Those millennials that we’ve been hearing about for years are finally now a substantial part of our workforce. As a result, you’re starting to see millennials apply for and fill positions in your practice.
This IS a substantial shift for many offices to experience, so it’s best if you’re prepared to evolve and work with millennials. First, let’s define millennials. They are individuals who grew up in the electronic-age and reached adulthood around the turn of the 21st century.
Millennials are quick learners. This generation has grown up to be quite limber at learning on the fly. New technologies don’t scare them, and they can typically figure things out fairly quickly.
Don’t be discouraged if an applicant or new hire doesn’t know your specific practice software. Odds are, they’ll learn it within a few days and can probably teach themselves most of it on their own. This is a huge shift from Baby Boomers who have typically been slow to learn new technologies and need designated training on new software.
Millennials are confident. Millennials are known for their confidence, which can turn some people off within a team setting. It may come across as arrogance or lack of team focus.
However, if you understand that they are confident in general, you can know if how they act is really arrogance or if it’s simply their way of surviving in the world. You can actually harness that confidence and let them spearhead certain projects or tasks other staff members may have shied away from.
Millennials want input. They really do want feedback on their performance. They don’t want to guess as to what they’re doing well or doing wrong. They appreciate transparency from a team and from a boss. If you slack on doing regular reviews, you will find that millennials will eventually look for other working situations where they do get the support they want.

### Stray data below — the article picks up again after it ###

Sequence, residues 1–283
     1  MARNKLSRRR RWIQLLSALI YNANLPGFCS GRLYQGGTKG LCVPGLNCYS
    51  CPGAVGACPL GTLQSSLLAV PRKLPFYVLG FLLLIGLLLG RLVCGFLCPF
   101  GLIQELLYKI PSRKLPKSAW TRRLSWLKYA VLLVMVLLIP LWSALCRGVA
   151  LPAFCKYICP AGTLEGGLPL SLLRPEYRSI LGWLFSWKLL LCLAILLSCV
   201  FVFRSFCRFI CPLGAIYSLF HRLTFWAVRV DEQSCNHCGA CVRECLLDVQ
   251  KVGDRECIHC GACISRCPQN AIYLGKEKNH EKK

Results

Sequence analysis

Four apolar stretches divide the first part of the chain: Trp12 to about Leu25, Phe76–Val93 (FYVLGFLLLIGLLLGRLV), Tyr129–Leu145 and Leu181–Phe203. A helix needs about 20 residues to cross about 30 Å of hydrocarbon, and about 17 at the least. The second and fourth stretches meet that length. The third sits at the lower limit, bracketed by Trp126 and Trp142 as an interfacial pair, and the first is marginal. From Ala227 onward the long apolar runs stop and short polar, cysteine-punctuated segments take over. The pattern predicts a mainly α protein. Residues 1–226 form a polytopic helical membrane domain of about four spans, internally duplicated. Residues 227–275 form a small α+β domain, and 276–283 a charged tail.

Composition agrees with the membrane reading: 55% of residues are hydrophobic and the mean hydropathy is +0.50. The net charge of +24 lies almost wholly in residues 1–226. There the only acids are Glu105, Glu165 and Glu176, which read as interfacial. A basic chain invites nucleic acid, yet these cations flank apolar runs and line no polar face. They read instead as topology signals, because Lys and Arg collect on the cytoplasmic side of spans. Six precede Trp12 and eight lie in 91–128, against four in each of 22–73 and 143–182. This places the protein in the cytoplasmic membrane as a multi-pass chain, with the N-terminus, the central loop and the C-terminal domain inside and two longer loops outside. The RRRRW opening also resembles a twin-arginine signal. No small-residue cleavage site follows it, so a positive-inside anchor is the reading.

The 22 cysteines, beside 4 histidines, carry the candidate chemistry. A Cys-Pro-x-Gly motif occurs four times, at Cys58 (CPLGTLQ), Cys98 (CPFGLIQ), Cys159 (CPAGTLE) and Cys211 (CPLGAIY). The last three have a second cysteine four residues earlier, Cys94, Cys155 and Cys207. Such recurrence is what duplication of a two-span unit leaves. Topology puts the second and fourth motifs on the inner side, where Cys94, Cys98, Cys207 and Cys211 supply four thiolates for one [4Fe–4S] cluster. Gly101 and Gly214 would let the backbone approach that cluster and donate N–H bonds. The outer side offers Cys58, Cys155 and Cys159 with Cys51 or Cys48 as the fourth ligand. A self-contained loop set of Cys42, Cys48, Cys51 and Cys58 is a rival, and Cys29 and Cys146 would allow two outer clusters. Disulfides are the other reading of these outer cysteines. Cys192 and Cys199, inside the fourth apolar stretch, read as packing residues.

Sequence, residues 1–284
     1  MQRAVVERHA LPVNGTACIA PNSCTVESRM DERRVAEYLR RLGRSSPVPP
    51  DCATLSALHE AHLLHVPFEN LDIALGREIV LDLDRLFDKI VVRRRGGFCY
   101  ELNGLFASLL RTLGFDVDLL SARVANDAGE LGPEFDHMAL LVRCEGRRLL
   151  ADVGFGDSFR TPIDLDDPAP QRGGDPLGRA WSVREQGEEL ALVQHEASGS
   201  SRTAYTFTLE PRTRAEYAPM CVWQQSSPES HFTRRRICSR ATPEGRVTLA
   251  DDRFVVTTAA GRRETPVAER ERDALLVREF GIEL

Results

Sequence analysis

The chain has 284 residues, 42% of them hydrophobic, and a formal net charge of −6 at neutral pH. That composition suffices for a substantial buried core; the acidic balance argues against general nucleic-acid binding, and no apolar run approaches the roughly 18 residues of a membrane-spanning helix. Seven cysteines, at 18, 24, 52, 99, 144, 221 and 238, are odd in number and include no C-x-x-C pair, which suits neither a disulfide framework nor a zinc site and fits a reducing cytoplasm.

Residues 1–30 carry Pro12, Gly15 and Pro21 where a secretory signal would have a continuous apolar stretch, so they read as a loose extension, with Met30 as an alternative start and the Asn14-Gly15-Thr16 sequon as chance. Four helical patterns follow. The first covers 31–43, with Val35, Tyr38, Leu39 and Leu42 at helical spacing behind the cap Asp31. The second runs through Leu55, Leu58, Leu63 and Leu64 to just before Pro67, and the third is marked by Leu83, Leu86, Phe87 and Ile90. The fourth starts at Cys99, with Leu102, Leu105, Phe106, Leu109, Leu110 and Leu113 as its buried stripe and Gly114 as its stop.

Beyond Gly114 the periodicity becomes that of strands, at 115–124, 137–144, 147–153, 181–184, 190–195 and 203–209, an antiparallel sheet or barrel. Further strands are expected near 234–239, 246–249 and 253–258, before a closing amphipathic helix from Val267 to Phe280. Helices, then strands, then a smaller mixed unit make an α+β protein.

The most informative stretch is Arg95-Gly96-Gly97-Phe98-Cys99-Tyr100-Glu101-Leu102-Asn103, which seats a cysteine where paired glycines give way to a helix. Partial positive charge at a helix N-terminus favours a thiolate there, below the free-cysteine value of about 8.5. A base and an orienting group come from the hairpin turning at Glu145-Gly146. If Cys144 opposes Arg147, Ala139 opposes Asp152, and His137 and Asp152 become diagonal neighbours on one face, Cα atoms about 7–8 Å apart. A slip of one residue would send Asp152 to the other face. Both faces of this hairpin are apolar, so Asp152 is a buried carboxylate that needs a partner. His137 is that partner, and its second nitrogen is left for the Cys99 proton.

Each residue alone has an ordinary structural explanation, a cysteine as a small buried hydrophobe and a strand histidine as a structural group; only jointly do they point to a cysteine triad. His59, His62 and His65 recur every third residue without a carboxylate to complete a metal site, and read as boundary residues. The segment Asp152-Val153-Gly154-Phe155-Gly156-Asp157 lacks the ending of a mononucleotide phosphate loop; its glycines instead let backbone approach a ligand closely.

Millennials move around. We just mentioned that they aren’t afraid to look for work situations where they will get support. It’s true. This generation is not afraid to move jobs if the current practice isn’t a fit. When you’re hiring, hire with the expectation that they will stay a shorter time. If all goes well, they may surprise you and stay long term!
Millennials want to make a difference. They want to change the world. That means they will often have ideas of how to make your practice better. Their younger, fresh perspective is an invaluable resource to a practice owner. Don’t be afraid to let them share and implement new ideas!
Building a strong, cohesive team is vital to your success as a practice. As times change, this includes millennials, who are easily now the largest generation in the workforce.
If you haven’t embraced this dynamic generation of movers and shakers, your practice will struggle. Those who have embraced the energy that millennials bring have seen how vibrant their practice truly can be!